OT Asim Richards, UNC
Richards deserves more attention and he’s going to earn that this week. The 22 year old has been a consistent starter at LT for the Tar Heels the last three seasons allowing just 10 sacks and 60 pressures over 1300 pass blocking snaps. In the run game he’s a people mover as well, allowing an elite 6.8 yards per carry as a lead blocker. Richards will also work at guard with his 6-4, 315 frame being slightly undersized for the NFL at offensive tackle. The national team possesses a magnitude of elite pass rushers, as I’ll get to soon and it’s a good showcase for Richards to dominate.
OT McClendon Curtis, UT Chattanooga
You may remember the surprise when the Patriots took fellow Chattanooga guard Cole Strange in the first round last season and I wouldn’t be shocked if a team picks Curtis in the first two rounds. He’s lengthy and powerful but also has some of the best agility of any offensive lineman in the nation. At 6-6, 330 he’s worked in career snaps at left tackle, right guard, left guard and right tackle so he covers the versatility front. Curtis has only allowed four sacks and 20 pressures in 919 pass blocking attempts too which is flat out elite. A career 82.3 run blocking grade and 88.2 pass block grade add into his skill sets. The biggest questions come with the talent he’s faced and as mentioned above, this National team hosts an elite room of pass rushers both on the interior and edge.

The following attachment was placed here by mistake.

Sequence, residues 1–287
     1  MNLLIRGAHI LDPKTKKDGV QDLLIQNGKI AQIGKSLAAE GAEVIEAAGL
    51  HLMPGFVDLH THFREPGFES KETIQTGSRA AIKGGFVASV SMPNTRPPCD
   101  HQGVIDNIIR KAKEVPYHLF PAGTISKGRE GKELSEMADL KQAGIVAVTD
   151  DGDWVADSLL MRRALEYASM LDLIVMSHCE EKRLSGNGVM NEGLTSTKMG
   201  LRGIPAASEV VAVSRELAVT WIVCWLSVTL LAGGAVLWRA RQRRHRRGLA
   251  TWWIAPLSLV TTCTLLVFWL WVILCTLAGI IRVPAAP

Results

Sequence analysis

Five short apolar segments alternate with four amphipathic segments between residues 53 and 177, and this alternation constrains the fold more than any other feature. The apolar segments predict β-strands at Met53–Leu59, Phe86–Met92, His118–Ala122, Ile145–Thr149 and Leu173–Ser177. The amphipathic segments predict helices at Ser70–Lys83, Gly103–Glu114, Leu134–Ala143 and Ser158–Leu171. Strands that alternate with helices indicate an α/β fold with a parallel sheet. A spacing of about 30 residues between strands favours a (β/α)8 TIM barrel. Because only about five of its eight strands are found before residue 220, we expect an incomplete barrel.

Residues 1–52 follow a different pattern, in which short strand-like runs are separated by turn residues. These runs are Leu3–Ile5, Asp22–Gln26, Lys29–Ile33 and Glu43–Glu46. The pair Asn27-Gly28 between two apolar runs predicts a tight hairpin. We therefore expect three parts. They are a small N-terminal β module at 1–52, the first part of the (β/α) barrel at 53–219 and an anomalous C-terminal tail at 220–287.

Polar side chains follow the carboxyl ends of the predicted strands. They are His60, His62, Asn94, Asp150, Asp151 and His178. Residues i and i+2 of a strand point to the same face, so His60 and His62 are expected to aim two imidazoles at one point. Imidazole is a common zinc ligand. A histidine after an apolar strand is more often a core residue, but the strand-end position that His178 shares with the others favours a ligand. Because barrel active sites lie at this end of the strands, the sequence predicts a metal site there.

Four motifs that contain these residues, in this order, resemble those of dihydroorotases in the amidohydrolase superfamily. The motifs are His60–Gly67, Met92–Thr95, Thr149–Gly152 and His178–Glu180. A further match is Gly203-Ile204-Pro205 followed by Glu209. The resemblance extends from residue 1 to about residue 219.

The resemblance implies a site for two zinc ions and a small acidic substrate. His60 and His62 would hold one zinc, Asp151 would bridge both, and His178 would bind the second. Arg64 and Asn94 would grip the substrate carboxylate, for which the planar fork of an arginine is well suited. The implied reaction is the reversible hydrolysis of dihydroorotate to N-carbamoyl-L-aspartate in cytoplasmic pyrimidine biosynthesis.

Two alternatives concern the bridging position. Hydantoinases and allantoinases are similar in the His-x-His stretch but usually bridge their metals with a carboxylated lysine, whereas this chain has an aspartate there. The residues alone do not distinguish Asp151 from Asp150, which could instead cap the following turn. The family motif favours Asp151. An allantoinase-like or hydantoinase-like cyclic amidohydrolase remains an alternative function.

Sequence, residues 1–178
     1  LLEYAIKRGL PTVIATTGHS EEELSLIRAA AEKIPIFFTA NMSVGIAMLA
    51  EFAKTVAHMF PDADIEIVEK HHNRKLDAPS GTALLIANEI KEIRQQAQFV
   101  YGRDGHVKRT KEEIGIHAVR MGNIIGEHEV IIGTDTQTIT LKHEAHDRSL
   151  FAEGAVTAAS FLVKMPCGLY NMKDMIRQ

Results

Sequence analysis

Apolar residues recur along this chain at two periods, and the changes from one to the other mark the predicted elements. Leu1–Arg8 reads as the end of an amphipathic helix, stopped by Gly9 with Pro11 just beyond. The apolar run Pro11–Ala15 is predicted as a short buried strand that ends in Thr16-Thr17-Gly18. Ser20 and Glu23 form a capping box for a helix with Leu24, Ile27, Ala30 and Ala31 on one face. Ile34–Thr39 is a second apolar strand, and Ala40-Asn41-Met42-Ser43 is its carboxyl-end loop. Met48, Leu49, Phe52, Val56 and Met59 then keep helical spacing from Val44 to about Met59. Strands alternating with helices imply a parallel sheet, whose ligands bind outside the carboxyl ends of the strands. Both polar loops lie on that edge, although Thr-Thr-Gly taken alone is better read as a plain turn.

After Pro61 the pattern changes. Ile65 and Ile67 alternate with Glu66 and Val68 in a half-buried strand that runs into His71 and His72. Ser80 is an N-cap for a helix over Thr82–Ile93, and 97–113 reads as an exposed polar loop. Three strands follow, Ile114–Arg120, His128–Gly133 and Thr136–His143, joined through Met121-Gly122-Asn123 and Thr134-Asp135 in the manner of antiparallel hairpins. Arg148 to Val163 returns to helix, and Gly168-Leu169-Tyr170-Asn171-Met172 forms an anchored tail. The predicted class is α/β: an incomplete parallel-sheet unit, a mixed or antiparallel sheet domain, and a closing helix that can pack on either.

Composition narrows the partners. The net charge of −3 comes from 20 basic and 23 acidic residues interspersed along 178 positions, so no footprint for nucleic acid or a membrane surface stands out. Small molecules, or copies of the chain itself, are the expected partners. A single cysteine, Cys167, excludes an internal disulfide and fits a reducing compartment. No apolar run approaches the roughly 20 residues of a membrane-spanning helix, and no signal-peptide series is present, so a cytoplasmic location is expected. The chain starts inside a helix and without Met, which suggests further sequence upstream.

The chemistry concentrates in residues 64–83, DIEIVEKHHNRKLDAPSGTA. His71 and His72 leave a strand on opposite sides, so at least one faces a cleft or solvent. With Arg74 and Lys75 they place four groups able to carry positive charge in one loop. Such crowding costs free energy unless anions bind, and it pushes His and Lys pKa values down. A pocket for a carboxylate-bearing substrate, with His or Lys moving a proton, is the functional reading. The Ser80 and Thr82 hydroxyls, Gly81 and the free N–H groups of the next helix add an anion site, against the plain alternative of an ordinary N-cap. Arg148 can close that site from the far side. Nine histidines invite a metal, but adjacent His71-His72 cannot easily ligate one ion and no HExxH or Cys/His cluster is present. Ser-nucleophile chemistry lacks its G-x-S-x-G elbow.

LB Daiyan Henley, Washington State